Changes coming to number of classes, public vs. private schools classification

For the first time in more than a decade the Missouri State High School Activities Association is addressing the public vs. private school issue.

Starting in the 2020-21 school year the state’s governing body for athletics will eliminate the multiplier, which has been used since 2006 as a form to level the playing field for public schools against private and charter schools.

During voting in the spring, MSHSAA schools overwhelmingly voted in favor of a proposal (294 to 133) for a ‘championship formula’ that will apply to the private and charter schools in the following sports: football, soccer, softball basketball, volleyball and baseball.

Also changing will be how class sizes are divided up in terms of competitiveness in enrollments, which passed 376 to 51, that could see additional classes added in the above sports.

Cross country, golf, swimming and diving, tennis, track and field and wrestling will continue to work under the current classification model and will not add additional classes as of now.

One caveat comes in girls wrestling where the sport had more participants then expected and it may have to go up from one class to two, while the boys would stay with four classes.

“I wouldn’t be surprised if there are two classes,” said Travis Dittemore, DeKalb’s superintendent who is the Northwest representative on the MSHSAA Board of Directors. “It is the fastest growing sport by far across the state. It’s new, so it makes sense. Everywhere I went people were ooing and awing over girls wrestling. When it came to fruition we had 800 out. We were looking for something like a couple hundred would be a part of it and all of a sudden there it was.”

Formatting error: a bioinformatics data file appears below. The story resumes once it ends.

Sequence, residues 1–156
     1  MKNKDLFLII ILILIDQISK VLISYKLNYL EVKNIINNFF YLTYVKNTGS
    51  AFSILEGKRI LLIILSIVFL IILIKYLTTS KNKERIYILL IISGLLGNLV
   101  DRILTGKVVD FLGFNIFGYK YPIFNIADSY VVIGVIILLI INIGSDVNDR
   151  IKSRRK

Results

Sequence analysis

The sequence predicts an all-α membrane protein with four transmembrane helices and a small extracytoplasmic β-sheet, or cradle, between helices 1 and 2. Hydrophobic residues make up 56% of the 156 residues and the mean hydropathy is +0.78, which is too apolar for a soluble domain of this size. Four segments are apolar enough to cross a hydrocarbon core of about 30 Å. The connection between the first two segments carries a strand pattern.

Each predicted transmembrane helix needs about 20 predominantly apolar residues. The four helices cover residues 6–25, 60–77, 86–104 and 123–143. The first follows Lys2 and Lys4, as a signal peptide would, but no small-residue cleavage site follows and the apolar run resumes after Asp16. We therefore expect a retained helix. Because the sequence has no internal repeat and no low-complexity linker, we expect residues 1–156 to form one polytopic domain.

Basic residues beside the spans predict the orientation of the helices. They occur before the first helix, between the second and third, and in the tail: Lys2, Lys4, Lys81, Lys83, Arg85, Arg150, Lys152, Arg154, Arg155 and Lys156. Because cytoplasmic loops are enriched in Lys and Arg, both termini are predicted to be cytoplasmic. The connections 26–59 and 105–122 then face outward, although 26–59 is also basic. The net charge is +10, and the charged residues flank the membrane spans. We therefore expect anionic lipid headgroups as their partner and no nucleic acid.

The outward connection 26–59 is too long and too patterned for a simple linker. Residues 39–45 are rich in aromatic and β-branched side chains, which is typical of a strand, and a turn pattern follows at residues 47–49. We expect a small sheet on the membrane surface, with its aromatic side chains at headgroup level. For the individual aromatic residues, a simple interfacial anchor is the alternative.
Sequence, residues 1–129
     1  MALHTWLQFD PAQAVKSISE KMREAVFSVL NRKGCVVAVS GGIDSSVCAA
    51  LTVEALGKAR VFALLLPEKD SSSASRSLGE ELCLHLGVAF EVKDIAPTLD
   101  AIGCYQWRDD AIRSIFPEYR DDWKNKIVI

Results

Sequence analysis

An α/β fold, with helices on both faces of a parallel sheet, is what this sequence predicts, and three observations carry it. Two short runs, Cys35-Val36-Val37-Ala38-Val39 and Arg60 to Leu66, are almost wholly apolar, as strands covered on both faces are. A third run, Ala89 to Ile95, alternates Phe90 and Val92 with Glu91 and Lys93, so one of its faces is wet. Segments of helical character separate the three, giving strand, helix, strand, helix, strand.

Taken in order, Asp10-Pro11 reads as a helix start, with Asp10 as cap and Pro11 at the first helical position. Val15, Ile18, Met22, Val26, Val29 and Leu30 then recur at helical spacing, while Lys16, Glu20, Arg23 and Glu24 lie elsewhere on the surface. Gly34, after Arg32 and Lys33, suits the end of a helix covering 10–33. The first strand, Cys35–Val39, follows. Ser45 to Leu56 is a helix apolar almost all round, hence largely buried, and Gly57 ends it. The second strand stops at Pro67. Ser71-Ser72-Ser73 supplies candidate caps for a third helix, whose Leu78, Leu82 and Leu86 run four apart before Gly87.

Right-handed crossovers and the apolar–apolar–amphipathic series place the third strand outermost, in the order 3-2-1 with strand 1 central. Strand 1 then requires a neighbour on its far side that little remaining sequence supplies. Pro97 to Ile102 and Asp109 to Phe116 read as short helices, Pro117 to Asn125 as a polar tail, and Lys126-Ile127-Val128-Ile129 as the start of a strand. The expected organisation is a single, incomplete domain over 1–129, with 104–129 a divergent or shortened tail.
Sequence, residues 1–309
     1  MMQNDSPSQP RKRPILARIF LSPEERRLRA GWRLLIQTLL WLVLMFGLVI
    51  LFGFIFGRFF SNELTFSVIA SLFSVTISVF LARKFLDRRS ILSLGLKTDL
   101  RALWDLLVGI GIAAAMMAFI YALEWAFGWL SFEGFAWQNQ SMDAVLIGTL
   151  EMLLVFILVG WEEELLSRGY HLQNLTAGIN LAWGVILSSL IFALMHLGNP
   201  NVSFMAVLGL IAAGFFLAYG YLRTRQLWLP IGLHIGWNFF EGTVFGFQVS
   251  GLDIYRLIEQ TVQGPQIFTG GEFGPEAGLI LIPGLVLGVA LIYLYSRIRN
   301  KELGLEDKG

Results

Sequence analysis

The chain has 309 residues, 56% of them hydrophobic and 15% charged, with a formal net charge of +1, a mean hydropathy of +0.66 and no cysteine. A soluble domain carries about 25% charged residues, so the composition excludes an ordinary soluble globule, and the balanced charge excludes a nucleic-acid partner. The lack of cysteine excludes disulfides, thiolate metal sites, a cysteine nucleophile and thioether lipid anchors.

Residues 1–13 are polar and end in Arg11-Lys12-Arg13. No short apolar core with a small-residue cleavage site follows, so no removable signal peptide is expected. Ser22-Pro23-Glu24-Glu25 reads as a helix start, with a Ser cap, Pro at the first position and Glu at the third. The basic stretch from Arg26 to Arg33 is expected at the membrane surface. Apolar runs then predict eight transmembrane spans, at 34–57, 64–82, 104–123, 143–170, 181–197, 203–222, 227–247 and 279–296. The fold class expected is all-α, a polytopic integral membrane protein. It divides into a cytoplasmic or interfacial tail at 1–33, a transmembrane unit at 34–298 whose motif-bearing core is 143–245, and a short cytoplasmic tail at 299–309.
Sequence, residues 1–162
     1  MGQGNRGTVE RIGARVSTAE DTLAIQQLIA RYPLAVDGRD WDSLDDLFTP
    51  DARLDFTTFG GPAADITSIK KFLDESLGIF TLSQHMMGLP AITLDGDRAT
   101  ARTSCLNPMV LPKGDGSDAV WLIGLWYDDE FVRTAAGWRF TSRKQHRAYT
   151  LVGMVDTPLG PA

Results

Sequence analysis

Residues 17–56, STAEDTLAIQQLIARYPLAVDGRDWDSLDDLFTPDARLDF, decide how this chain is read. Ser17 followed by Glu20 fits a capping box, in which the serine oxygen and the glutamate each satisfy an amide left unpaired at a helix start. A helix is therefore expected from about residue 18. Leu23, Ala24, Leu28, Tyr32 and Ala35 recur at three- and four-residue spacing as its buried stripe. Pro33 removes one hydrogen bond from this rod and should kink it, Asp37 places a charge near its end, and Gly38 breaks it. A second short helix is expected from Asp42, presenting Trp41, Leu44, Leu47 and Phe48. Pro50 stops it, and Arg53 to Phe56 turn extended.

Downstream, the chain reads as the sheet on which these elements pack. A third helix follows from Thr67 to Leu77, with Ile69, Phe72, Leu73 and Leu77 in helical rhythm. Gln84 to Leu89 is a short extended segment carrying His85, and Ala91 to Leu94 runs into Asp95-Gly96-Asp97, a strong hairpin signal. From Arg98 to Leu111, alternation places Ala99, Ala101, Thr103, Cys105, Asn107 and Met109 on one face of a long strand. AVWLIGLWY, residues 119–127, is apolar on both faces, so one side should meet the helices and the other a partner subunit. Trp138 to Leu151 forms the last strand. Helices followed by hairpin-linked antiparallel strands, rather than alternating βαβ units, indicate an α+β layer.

Essentially most of the classes will operate at or near a 2.0 ratio, for example a school with 400 students will play schools no larger than 800 students.

The only class it won’t effect is Class 1, as there are schools with enrollments less than 20.

“I’ve seen the mockups of participating schools across the state and it is very doable from Class 2 on up if we expand to six classes in basketball,” Dittemore said. “In Class 2, we had schools with 210 kids and schools with 499 kids. Now, we will look to have a 2.0 ratio.”

The changes will be additional state champions and fewer teams per districts. 

How it will shake out will not really be known until enrollment count is done next school year – which accounts for students between ninth and 11th grade at the high school level. 

Those numbers — and the championship factor added in — will work hand-in-hand on who will be placed where and how many classes are needed.

Jason West, MSHSAA executive director of communications, stated it is possible baseball and volleyball would expand to six classes.

Each sport will be viewed by the advisory committee before a decision is made to add classes based on enrollment numbers and registration of athletes.

Enrollment and classifications are done each year now compared to two-year cycles in the past. West noted the enrollment count will feature new schools, with Capital City High School opening in Jefferson City and possibly a new school in the McCleur South School District in Ferguson. 

The new championship factor will go into effect but will be determined by how well teams have done over the past six seasons.

It is possible for a school to jump a class or two based on performance.